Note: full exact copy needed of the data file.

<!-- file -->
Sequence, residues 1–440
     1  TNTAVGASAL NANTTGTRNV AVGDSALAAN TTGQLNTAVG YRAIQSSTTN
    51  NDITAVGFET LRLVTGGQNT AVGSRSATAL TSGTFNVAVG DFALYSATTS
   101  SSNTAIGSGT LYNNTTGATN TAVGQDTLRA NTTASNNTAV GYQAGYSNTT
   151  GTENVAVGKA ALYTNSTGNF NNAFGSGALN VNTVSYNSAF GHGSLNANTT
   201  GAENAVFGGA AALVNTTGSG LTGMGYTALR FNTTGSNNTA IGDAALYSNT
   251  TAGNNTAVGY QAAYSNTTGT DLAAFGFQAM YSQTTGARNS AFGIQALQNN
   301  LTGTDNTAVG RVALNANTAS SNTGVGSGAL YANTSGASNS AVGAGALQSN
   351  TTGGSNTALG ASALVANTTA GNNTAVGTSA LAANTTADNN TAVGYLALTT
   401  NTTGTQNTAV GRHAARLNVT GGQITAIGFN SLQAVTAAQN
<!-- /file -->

Sequence, residues 1–440
     1  TNTAVGASAL NANTTGTRNV AVGDSALAAN TTGQLNTAVG YRAIQSSTTN
    51  NDITAVGFET LRLVTGGQNT AVGSRSATAL TSGTFNVAVG DFALYSATTS
   101  SSNTAIGSGT LYNNTTGATN TAVGQDTLRA NTTASNNTAV GYQAGYSNTT
   151  GTENVAVGKA ALYTNSTGNF NNAFGSGALN VNTVSYNSAF GHGSLNANTT
   201  GAENAVFGGA AALVNTTGSG LTGMGYTALR FNTTGSNNTA IGDAALYSNT
   251  TAGNNTAVGY QAAYSNTTGT DLAAFGFQAM YSQTTGARNS AFGIQALQNN
   301  LTGTDNTAVG RVALNANTAS SNTGVGSGAL YANTSGASNS AVGAGALQSN
   351  TTGGSNTALG ASALVANTTA GNNTAVGTSA LAANTTADNN TAVGYLALTT
   401  NTTGTQNTAV GRHAARLNVT GGQITAIGFN SLQAVTAAQN